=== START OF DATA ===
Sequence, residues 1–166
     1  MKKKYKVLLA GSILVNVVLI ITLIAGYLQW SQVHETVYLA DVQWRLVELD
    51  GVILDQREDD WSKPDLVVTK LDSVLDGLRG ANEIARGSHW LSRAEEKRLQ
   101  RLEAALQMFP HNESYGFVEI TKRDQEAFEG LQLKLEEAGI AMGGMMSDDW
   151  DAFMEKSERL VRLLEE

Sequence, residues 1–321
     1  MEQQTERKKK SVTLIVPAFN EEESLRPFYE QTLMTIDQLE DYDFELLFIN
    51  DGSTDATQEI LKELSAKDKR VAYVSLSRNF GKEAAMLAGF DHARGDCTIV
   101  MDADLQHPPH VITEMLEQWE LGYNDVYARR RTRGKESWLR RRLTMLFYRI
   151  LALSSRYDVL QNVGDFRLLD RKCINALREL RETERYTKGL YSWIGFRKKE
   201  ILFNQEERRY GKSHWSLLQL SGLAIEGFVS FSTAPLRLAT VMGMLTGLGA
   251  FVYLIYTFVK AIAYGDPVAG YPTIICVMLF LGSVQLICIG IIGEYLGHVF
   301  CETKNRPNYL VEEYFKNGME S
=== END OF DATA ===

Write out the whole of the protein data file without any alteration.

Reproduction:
Sequence, residues 1–166
     1  MKKKYKVLLA GSILVNVVLI ITLIAGYLQW SQVHETVYLA DVQWRLVELD
    51  GVILDQREDD WSKPDLVVTK LDSVLDGLRG ANEIARGSHW LSRAEEKRLQ
   101  RLEAALQMFP HNESYGFVEI TKRDQEAFEG LQLKLEEAGI AMGGMMSDDW
   151  DAFMEKSERL VRLLEE

Sequence, residues 1–321
     1  MEQQTERKKK SVTLIVPAFN EEESLRPFYE QTLMTIDQLE DYDFELLFIN
    51  DGSTDATQEI LKELSAKDKR VAYVSLSRNF GKEAAMLAGF DHARGDCTIV
   101  MDADLQHPPH VITEMLEQWE LGYNDVYARR RTRGKESWLR RRLTMLFYRI
   151  LALSSRYDVL QNVGDFRLLD RKCINALREL RETERYTKGL YSWIGFRKKE
   201  ILFNQEERRY GKSHWSLLQL SGLAIEGFVS FSTAPLRLAT VMGMLTGLGA
   251  FVYLIYTFVK AIAYGDPVAG YPTIICVMLF LGSVQLICIG IIGEYLGHVF
   301  CETKNRPNYL VEEYFKNGME S